Entity beans & business logic...
by Dan Pilone
So this is a little heavy for my first blog entry, but I figured I'd start out with something that at least sounded interesting before I resorted to "What I installed on my computer today" style entries. On my current project we're dealing extensively with J2EE Entity beans. There are some legacy ones using BMP that we're moving to CMP and some new ones that are being written CMP style right off the bat. So, this gets me thinking about where the business rules live...
Here's the situation: we have a set of legacy BMP entity beans with business rule validation in the setters and getters. We need to move those to CMP beans at some point the future. I'm aware of the Antipatterns book about subclassing the bean to allow easy migration, etc. That's not what this is about. This is about how to validate the data moving in and out of the bean in the context of the larger system.
Obviously once we move to CMP we end up with abstract setters and getters, so that's not going to work. I don't feel like the logic should be there in the first place, but that's a different story.
Then there's the option of putting it in ejbStore, but I feel like that's too late to really do anything useful (other than punting on the commit) and really makes me feel... dirty.
So, move it up to the next level, start building a services based approach. A clean, subsystem like API that can enforce business rules; once everything checks out, persist the bean. However, this seems to push back against the idea of using local interfaces and hitting the entity beans directly in favor of BO's or DTO's or whatever you want to call them.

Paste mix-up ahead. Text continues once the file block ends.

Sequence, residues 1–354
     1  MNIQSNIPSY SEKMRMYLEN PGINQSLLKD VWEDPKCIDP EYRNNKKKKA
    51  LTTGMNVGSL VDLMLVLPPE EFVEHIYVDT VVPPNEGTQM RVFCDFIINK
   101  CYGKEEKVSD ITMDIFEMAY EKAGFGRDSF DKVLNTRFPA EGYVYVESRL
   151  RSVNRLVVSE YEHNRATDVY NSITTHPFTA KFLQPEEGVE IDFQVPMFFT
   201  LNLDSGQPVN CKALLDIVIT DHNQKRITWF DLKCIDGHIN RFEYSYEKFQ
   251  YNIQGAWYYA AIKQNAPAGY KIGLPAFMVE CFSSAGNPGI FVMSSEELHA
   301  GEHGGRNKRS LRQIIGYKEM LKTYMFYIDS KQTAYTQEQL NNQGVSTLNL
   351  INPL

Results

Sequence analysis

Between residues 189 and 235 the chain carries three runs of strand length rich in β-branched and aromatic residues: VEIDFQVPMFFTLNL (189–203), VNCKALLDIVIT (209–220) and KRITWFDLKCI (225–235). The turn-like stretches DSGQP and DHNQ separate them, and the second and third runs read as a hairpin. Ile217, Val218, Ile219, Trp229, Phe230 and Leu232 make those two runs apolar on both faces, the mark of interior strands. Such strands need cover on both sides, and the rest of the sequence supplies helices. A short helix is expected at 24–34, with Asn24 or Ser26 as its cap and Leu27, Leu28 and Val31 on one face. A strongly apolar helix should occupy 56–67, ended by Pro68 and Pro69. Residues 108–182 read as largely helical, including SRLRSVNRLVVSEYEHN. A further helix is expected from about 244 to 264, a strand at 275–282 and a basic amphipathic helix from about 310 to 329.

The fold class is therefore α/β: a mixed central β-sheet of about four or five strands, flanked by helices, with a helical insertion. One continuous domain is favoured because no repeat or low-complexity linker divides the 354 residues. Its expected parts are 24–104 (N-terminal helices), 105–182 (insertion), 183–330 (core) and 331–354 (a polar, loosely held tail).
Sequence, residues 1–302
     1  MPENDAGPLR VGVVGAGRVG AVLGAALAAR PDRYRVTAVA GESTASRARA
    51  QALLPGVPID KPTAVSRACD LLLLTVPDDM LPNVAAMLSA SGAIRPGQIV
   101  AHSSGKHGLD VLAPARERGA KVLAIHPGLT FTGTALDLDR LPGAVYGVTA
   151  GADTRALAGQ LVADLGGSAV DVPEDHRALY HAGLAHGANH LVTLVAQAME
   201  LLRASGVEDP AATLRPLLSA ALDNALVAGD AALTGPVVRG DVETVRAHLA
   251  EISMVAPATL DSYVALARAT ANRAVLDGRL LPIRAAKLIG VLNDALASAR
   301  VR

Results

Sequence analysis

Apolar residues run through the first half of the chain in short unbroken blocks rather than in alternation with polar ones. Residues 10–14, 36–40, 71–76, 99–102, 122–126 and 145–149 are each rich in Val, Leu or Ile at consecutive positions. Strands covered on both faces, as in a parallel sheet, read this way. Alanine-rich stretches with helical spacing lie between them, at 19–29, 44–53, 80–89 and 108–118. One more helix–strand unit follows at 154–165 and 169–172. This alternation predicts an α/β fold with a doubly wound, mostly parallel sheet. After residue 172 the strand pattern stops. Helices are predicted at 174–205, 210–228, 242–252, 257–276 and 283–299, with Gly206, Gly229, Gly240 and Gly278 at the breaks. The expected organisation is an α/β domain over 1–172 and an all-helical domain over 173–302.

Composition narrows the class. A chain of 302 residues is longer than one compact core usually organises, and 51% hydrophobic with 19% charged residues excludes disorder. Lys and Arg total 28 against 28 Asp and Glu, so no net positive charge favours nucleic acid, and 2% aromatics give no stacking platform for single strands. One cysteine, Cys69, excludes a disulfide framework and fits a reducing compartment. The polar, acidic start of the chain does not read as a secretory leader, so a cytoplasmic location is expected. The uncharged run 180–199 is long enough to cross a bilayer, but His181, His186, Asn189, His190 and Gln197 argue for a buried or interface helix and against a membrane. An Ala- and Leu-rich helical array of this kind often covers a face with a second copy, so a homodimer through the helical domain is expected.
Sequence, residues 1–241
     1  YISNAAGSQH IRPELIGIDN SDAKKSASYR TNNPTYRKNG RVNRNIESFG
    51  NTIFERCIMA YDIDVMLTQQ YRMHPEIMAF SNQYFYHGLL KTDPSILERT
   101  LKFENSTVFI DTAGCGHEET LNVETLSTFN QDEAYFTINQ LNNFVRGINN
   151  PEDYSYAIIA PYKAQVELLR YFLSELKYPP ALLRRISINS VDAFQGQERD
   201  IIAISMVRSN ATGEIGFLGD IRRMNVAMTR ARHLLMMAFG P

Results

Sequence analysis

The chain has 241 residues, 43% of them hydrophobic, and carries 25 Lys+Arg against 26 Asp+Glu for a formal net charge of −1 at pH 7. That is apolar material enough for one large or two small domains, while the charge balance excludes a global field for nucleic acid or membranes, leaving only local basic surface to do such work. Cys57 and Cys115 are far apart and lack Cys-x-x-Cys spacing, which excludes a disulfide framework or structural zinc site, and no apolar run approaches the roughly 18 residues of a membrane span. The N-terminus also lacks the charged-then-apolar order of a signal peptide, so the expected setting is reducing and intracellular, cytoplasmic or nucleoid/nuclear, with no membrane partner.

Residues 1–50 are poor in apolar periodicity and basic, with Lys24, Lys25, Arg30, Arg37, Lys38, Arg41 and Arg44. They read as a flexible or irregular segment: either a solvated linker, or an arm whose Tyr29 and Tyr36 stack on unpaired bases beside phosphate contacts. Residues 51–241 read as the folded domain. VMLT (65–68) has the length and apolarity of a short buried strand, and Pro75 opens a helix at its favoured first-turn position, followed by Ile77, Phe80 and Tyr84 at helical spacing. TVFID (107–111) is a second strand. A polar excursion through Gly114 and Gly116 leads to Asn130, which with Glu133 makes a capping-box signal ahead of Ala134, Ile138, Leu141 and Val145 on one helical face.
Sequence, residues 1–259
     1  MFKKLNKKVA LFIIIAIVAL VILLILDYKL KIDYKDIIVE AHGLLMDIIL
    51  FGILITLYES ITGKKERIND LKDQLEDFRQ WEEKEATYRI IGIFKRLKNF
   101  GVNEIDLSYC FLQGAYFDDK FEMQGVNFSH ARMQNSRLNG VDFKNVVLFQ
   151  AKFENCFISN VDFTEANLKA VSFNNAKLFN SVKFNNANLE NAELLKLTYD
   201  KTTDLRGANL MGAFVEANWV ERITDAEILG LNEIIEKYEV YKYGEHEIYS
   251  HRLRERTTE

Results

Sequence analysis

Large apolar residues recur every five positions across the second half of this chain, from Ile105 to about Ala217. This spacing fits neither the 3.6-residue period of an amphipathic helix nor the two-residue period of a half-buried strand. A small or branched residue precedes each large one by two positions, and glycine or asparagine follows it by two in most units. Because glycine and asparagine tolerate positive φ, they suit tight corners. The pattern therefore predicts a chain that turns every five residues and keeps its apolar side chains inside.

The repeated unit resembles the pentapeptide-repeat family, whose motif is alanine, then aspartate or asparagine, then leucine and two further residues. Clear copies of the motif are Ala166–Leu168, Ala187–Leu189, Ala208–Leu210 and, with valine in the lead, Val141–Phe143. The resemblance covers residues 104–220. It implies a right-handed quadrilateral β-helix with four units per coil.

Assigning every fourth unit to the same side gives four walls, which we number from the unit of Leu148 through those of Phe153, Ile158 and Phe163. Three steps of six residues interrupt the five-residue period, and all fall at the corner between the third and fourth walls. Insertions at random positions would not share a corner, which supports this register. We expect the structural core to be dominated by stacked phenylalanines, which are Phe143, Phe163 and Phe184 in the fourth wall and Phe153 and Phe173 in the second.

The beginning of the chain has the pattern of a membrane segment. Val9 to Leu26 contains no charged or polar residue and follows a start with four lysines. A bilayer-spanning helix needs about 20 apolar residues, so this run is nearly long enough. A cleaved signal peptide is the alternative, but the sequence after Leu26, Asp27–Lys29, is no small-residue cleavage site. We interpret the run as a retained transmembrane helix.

We've chosen to go the subsystem route with BO's coming in and out of the APIs. That gives us a cleaner layering where the subsystems (session beans) handle validating and persisting their information using entity beans but the rest of the system passes BOs around.
|Have you considered using JBoss Rules to encapsulate the Business logic (as per this O'Reilly Article)?|
Using ejbStore is very problematic - the container is free to call this at any time, multiple times, during the course of the transaction - and it does!
We implemented our own mechanism for keeping track of dirty beans involved in a transaction and called the relevant validation method on each dirty bean once and only once when the transaction was ready to commit. The downside is we've done some extra work that the container is already doing, but we're in complete control and at the same time no-one can write code that persists invalid data.